News Headlines > Church is afraid to speak out about organ trafficking, says Mozambique nun

02 November 2016 | by Catholic News Service , Megan Cornwell

Church is afraid to speak out about organ trafficking, says Mozambique nun

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The Catholic Church is part of the Santa Marta Group which aims to eradicate all forms of modern-day slavery

Mozambique is plagued by trafficking in human organs and witchcraft is to blame, said a religious sister working in the country.

Scalabrinian Sister Marines Biasibetti, Secretary General of the Commission for Migrants, Refugees and Displaced Persons at the Mozambique bishops' conference, spoke to Catholic News Service after the Santa Marta Group conference at the Vatican last week.

The meeting, attended by Pope Francis, looked at ways to eradicate human trafficking and modern day slavery. Home Secretary Amber Rudd pledged £14 million of UK funds towards the effort.

"This problem has always existed but now it is being discussed, especially regarding the trafficking of organs because it is related to magic and cultural beliefs”, the Brazil-born Sister said. “People are very afraid to speak on the issue: both victims and the general public.”

"Even in the Church, religious men and women, priests and local bishops do not speak about it out of fear of what may happen to them," Sister Biasibetti told Catholic News Service.  She added that these fears are beginning to abate as the Church works to bring the issue into the light.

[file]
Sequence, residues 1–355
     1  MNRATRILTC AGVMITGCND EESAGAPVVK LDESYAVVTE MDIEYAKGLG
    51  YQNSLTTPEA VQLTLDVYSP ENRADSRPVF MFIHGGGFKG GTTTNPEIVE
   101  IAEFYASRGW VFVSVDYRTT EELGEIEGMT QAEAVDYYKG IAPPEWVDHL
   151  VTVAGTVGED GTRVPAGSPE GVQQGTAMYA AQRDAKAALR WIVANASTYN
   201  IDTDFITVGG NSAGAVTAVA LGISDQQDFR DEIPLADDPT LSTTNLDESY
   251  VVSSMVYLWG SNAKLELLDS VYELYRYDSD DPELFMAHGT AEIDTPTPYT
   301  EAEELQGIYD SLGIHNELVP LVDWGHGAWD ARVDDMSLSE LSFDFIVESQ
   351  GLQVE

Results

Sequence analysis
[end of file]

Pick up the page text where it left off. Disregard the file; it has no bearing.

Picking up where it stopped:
But Sister Biasibetti, who has worked in Mozambique for more than two years, says the worsening socio-political situation in the country is driving people toward healers who practice witchcraft; they believe the healers not only can restore people to health, but they can help people get basic necessities or even "riches and easy money".

"The sorcerer performs his rituals and tells them that in order to have better living conditions or to obtain what he or she is asking for, he will ask him or her to bring a person's head, hand or tongue. And if people believe this, they will go kill someone and that's the end of it," she said.


The unfortunate victims of these attacks, she added, are often migrants coming in from South Africa who are vulnerable and regarded as a "disfavoured class".

Those involved in sorcery and witchcraft are also very well organised and leave little evidence for investigators to follow, she said. The nun added that she believed a large majority of the organs trafficked in the country were linked to black magic.

While local and government authorities have been hesitant or shown little interest in tackling the problem, Sister Biasibetti said her office is trying to educate people and prevent organ trafficking.

The trafficking and commercialisation of organs and body parts "is a sad, unfortunate phenomenon that continues to grow in Mozambique," she said, but cooperation between religious and local authorities can help save lives and souls.

"We will promote human rights and, above all, the value of life through our witness and evangelisation in order to be a sign of solidarity and love," Sister Biasibetti said.

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